Well, program auto install is a feature provided in the CICS system which would allow you to define a CICS program at run-time. Usual or common way of defining a program to a TXSeries system would be to add an entry in to the PD definition with the help of a RDO command; say, cicsadd -c pd -r region1 MYPROG PathName=myprog.ibmcob. This process of registering the programs is good if you have limited number of CICS programs that you need to define; however in certain cases the number of application programs are many (say hundreds) in which case it is cumbersome to not only define these many entries in to the PD definition but also will be difficult to maintain and manage them. This is where the program auto install feature would come handy. Let's see how this works:
When a request is received from the client (say a request to run a transaction) CICS system attempts to find the corresponding program to be loaded/executed by looking at the TD definition. Further CICS checks to see if there is a corresponding program entry in the PD definition. If exists it goes ahead, load the program and executes them. But if the program entry does not exist in the PD definition.. this is where the program auto install process kicks in.
CICS system realising that there is no program entry, in the PD definition, it invokes a User Exit program to retrieve details on the program. Ok, I know some of you might be wondering what this User Exit program is?!. Well, User Exit programs are plug-in points where user can write piece of code and plug that in to the TXSeries runtime. The plug-in is built as a C module and is registered with the TXSeries system. There are many user-exits points supported by TXSeries, and one of them is the Program Auto Install User Exit. User Exit programs are usually associated with a Number that is used during the registration, so that TXSeries can know at runtime for what purpose the module needs to be invoked. By now you would have realised that for the Program Auto Install to work we need to register a User Exit Program Module.
Let me take you through the procedure for enabling Program Auto Install under TXSeries. The following steps assumes that you have a CICS region already running.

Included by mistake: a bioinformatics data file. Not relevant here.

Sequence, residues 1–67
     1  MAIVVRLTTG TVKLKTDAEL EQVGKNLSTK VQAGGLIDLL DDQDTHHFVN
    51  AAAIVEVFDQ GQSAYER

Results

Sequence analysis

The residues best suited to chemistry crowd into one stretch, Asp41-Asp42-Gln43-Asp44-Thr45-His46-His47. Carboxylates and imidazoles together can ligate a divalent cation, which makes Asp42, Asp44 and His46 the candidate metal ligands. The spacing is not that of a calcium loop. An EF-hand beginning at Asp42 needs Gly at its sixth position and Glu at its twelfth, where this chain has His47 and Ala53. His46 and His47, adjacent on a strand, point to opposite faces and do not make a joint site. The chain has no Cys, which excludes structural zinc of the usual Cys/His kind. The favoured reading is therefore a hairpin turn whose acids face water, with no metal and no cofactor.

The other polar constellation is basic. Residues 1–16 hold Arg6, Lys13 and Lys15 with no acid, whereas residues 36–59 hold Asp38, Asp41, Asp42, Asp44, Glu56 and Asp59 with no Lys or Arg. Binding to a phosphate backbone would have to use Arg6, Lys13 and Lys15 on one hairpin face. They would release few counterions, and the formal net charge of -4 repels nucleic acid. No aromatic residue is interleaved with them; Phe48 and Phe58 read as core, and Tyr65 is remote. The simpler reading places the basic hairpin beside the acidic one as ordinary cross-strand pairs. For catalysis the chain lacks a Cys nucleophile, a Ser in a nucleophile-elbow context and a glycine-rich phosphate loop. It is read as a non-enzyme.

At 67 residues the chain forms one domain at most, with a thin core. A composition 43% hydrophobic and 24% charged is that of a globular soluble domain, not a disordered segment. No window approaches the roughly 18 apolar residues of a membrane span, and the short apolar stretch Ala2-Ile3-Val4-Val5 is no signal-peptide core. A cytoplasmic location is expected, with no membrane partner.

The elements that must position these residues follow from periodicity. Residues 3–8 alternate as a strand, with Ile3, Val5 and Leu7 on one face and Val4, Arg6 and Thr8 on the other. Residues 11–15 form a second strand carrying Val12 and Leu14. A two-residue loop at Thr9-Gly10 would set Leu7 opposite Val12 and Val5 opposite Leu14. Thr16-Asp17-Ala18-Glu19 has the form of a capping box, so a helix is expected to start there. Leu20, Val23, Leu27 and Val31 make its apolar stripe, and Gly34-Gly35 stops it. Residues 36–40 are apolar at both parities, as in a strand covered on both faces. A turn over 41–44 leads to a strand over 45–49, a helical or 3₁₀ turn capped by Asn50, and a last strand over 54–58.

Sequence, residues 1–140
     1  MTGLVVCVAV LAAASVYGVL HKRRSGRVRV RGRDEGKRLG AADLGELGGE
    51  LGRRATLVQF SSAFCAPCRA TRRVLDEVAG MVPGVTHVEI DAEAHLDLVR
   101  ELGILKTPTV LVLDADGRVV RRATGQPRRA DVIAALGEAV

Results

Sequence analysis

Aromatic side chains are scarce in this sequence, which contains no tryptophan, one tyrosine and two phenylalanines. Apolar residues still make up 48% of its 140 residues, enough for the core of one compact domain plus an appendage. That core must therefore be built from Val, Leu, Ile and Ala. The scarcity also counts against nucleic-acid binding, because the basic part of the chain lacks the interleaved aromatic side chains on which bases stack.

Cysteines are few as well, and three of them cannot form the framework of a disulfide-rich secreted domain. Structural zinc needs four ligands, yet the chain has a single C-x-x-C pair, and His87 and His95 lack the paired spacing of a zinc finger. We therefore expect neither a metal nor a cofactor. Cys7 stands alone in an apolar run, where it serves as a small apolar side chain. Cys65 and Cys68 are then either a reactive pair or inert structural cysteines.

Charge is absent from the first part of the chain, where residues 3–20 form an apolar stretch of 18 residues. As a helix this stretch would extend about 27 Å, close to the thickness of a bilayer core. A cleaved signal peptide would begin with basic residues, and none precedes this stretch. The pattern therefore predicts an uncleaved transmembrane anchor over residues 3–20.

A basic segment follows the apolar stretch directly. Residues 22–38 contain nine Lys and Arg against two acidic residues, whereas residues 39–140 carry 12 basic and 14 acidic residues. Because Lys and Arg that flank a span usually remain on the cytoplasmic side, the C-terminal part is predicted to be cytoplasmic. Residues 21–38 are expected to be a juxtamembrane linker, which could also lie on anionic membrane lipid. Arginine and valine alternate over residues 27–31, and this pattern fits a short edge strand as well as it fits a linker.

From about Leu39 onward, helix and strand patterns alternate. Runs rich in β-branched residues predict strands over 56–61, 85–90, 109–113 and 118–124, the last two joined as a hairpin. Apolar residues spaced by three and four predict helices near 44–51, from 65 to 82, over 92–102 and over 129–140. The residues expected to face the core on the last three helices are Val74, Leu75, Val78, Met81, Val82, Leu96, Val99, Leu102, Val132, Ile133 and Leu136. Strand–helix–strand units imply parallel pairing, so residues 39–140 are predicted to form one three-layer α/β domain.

- Firstly, we need to build the User Exit module for the Program Auto Install. For this we can use the sample that is provided with TXSeries under /usr/lpp/cics/samples/userexit directory. A Makefile is already supplied to build the user exit module, so just run "make" command as following:
The program module will be generated under the same directory called, "cicsuxit". You may want to copy this to the region's bin directory or any other directory that you may prefer.
- Now we need to register this user exit module, for that run the following command:
cicsadd -c pd -r <region_name> UXIT PathName="cicsuxit" UserExitNumber=13
In the above the number '13' refers to Program Auto Install. So when CICS doesn't find an PD entry it will invoke the 'cicsuxit' user exit program module.
- After the above change you will need to cold start the CICS region for the definitions to take effect. Once the CICS region is started, you can just run your transaction and CICS should automatically pick up the corresponding program
- (Optional) You may also want to use the CICS_PROGRAM_PATH=<path> in the CICS region's environment file for specifying the location of your CICS application programs (if different from other than the region's bin directory).
You may want to check the following if you see any issues in running the program:
- Confirm if the console.<nnnnnn> has the following similar entries:
- ERZ015042W/0186 09/09/11 16:16:37.655655539 IVPCICS
49438/0001 : Program 'UXIT' now associated with user exit '13'
- if you don't see the above entry, this mean you have not
registered the user exit module correctly. So check your PD definition
- You may experience the following problem (logged in the CSMT.out file) or transaction abend A141:
- ERZ015022E/0146 09/09/11 16:17:43.398292610 IVPCICS 62300/0001 UMMG: Program '/usr/lpp/cics/src/samples/ivp/COBOL/DFHCMNU' not found
- The program names are case-sensitive.. so ensure your programs are in right case. For example if the file is dfhcmnu, then the above error will be flagged.
- The most likely reason is TXSeries is not able to find the application program in the specified location (or set through CICS_PROGRAM_PATH environment variable) - so check for the program module existence
- If the program module exists check the permission of the file; it should have access (usually read should be enough) permissions for the 'cics' user or just make sure the r+o (read other) bit is set. You will not only have to check the permission of the file, but also for the directories under which the program is residing. Easiest way to confirm this is to login as 'cics' user and doing an 'ls' command should clarify the permission problems.
So with this blog entry I hope to have clarified the Program Auto Install Feature of TXSeries, its benefits, the usage and the common issues around it. Please leave your comments if you have any.